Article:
Memphis Grizzlies v Sacramento Kings

Mayo blames energy drink for banned substance test


This is my favorite excuse since Richard Gasquet kissed a girl….

Suspended Memphis Grizzlies player O.J. Mayo blamed an energy drink he purchased at a gas store for his positive test for the banned substance dehydroepiandrosterone (DHEA). It was just a simple bad choice, that’s all, and he really should have gone with that Squishee Apu was trying to sell him at the Kwik-E-Mart (although good chance he’d test positive for something in those, too).

By the way: None of the top energy drink brands contain DHEA, according to CNBC’s Darren Rovell.

Mayo took responsibility for not checking the drink out with the team trainer, but said that he did not knowingly take DHEA in a supplement. Which we hope is true because studies show DHEA is really not helpful at building muscle mass or helping someone recover from a workout or any of the other things one would hope a steroid would do. If you’re going to get busted for a banned substance use one that works.

He added that he is not appealing the suspension, which was for 10 games and will keep him out until Feb. 15. It also will cost him $405,000.

I’m not a professional personal manager or PR consultant, but let me offer a word of advice to Mr. Mayo:

Don’t talk about it. Even if the rather fantastic gas station supplement story is true, you sound like one of those guys trying to dodge that you knowingly took something. Sports fans don’t buy these lines — we saw legendary baseball players bald-faced lie to congress about it. So now, telling the truth or not, people assume anyone saying they didn’t know what they were taking is lying. Not fair, but it’s the reality.

Keep quiet, stay in shape and when you get back play like a guy who had been taking very effective PEDs and all will be forgotten. Winning cures all ills.

Spurs to give Tim Duncan, Manu Ginobili Friday night off in Denver

Manu Ginobili, Harrison Barnes, Tim Duncan
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The Spurs are 12-3 and comfortably in second place in the West, they have the best defense in the NBA allowing just 93.8 points per 100 possessions, and they have a top-10 offense to go with it.

So, time to start making sure guys are rested.

That is the first night of a back-to-back, with former Spurs’ assistant coach Mike Budenholzer and his Atlanta Hawks coming to San Antonio on Saturday. Popovich is saving his two veterans for that game.

Duncan and Ginobili have looked like they found the fountain of youth this season. Duncan is taking on less of the offense but has been very efficient in those moments. Ginobili has the impact he did a few years back in his bench role.

What Gregg Popovich cares about is them playing like that come the postseason. So they will rest on Friday.

Brandon Armstrong impersonates Ray Allen (video)

2014 NBA Finals - Game Five
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Ray Allen is retired-ish, but he’ll always be running through screens – in our mind and in this video.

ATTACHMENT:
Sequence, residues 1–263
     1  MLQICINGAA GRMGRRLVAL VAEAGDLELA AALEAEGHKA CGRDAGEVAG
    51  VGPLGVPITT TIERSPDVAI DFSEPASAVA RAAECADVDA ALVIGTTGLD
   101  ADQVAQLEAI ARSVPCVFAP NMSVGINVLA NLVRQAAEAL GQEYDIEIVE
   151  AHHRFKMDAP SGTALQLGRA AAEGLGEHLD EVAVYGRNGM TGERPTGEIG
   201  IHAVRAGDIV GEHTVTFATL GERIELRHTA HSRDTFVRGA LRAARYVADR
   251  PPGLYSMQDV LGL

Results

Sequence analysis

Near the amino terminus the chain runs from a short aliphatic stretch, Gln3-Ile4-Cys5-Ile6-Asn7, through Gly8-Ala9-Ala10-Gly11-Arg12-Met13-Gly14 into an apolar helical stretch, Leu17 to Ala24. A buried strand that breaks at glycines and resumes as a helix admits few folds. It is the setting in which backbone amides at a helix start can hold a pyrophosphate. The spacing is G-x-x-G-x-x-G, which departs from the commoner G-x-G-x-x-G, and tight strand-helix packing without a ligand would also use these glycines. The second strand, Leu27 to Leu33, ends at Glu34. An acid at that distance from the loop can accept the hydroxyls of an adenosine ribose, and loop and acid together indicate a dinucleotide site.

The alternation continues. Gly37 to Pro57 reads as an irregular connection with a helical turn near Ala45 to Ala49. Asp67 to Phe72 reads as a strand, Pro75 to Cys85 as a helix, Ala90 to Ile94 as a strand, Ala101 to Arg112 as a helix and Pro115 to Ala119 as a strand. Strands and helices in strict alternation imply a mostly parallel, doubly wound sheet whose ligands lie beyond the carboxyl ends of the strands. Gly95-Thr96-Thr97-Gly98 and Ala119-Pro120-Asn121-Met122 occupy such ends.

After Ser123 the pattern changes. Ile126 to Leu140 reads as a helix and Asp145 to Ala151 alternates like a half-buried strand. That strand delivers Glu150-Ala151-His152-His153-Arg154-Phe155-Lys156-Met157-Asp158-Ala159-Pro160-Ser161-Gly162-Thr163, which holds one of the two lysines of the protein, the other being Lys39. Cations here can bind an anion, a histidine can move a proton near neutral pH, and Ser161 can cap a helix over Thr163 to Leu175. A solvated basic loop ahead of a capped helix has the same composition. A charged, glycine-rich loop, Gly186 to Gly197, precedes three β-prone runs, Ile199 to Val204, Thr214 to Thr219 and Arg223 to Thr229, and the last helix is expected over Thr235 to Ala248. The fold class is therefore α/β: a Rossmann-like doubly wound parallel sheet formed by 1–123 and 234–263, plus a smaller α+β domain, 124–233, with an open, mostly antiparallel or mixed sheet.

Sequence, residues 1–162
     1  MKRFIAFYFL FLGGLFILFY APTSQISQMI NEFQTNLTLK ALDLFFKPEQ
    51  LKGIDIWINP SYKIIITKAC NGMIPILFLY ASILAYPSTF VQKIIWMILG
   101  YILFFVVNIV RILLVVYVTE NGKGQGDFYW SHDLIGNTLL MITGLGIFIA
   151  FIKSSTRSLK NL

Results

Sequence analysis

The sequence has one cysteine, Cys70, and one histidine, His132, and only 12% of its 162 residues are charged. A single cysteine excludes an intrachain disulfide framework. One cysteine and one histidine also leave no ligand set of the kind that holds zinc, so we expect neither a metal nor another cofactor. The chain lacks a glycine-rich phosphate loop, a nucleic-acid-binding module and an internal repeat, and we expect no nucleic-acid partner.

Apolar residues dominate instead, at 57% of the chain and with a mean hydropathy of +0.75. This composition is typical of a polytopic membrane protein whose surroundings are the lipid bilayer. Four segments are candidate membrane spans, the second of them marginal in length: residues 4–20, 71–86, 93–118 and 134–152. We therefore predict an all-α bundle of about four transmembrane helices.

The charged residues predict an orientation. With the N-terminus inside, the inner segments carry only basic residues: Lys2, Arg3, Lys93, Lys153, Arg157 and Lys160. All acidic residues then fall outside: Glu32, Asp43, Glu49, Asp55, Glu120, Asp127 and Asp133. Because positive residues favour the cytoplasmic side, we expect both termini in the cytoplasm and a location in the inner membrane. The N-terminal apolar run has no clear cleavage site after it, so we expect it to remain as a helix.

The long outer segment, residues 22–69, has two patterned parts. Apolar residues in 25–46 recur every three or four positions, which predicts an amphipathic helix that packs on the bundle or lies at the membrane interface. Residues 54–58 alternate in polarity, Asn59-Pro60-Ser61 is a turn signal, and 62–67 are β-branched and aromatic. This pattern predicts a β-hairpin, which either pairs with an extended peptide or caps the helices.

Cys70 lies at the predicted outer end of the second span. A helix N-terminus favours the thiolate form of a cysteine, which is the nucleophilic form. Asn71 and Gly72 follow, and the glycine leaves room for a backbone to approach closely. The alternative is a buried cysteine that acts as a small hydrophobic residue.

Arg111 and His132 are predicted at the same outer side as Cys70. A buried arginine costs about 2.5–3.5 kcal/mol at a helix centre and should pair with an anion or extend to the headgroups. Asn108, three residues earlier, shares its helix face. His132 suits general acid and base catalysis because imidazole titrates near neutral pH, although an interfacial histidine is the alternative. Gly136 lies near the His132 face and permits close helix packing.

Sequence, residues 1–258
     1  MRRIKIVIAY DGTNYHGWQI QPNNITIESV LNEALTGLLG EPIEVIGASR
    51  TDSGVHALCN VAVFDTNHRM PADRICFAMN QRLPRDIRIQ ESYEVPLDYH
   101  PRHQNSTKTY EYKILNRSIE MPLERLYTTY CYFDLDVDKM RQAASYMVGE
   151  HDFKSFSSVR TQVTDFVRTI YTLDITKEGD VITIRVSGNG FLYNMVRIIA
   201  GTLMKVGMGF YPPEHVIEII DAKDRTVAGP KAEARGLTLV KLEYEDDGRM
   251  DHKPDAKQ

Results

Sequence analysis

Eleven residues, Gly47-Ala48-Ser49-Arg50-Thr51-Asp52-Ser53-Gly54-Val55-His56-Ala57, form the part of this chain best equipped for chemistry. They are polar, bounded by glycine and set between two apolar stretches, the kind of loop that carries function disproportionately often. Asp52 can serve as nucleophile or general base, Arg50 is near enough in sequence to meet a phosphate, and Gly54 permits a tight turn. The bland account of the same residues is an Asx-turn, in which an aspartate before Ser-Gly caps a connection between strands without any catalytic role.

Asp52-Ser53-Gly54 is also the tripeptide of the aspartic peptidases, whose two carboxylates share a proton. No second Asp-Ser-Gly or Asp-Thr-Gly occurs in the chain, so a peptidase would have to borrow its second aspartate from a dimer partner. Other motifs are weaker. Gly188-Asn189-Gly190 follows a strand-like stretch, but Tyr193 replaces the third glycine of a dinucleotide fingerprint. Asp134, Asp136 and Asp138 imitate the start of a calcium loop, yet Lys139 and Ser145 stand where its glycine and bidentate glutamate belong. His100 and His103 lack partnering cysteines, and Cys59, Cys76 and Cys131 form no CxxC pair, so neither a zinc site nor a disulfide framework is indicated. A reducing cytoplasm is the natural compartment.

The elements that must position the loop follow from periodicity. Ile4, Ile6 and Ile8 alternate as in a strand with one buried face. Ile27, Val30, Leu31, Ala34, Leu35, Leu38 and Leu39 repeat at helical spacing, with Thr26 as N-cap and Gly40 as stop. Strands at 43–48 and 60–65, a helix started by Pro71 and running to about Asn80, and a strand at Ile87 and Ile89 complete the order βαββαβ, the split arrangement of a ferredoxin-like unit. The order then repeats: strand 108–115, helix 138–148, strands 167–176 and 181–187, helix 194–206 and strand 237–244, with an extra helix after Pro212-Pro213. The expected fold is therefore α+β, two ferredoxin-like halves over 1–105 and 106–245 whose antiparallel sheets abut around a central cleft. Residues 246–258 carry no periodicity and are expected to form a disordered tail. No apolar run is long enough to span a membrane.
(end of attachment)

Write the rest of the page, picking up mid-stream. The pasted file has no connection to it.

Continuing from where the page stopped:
Celtics draft pick Marcus Thornton gets beer dumped on head during Australian game (video)

Marcus Thornton, Will Cherry
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The Celtics drafted Marcus Thornton with No. 45 pick in the 2015 NBA draft. That essentially entitled him to the required tender – a one-year contract offer, surely unguaranteed at the minimum.

Thornton rejected that, which is almost always a mistake.

Rejecting the tender is a favor to the drafting team, which gets to keep the player’s exclusive rights for a year. If Thornton tries to join the NBA now, he’s stuck negotiating with only the Celtics.

By accepting the tender, the player typically gets one of two outcomes. He either plays on that contract and draws an NBA salary or he gets waived. But even getting waived is better than rejecting the tender, because at least the player becomes a free agent and can negotiate with any team.

Players who reject the tender go to another league and play for less money. In Thornton’s case, that mean Australia.

How’s that going?

(Almost) never reject the required tender as a second-round pick.

Byron Scott says they just have to get Kobe Bryant better looks

Kobe Bryant, Joe Johnson, Byron Scott

Kobe Bryant is averaging 15.2 points a game at age 37. It’s just taking him 16.4 shots per game to get there. After his 1-of-14 shooting performance against the Warriors the other night — with too much isolation and too many plays run just for him — there has been a lot of talk about his shot. With reason, this is his shot chart so far this season.

Kobe shotchart season

So what do the Lakers’ do? Get Kobe to shoot less and get the ball in the hands of the young stars they supposed to be developing more? Nah.

They just need to get Kobe better looks, Scott told the Los Angeles Times.

“I know his mentality is that he can still play in this league,” Scott said. “And we feel the same way….

“Obviously he’s struggling right now with his shot, and I think everybody can see that,” Scott said. “So it’s trying to get him in better position to be able to have an opportunity to knock those shots down on a consistent basis. That’s No. 1.

“I don’t know if it’s his legs. I don’t think so. Again, our conversations are pretty blunt. … He tells me when he is tired and he tells me when he’s not tired. And the last few days, he said he feels great. So, I don’t think it’s a matter of him being tired or his legs being tired. I think it’s a matter of his timing being a little off.”

Yes, how could it be his legs? It’s not like he’s a 37-year-old with more than 55,000 NBA minutes played, and coming off an Achilles rupture and major knee surgery.

Honestly, I hope the Lakers and Kobe find a balance soon, because they have become just hard to watch. And I don’t want Kobe to go out this way.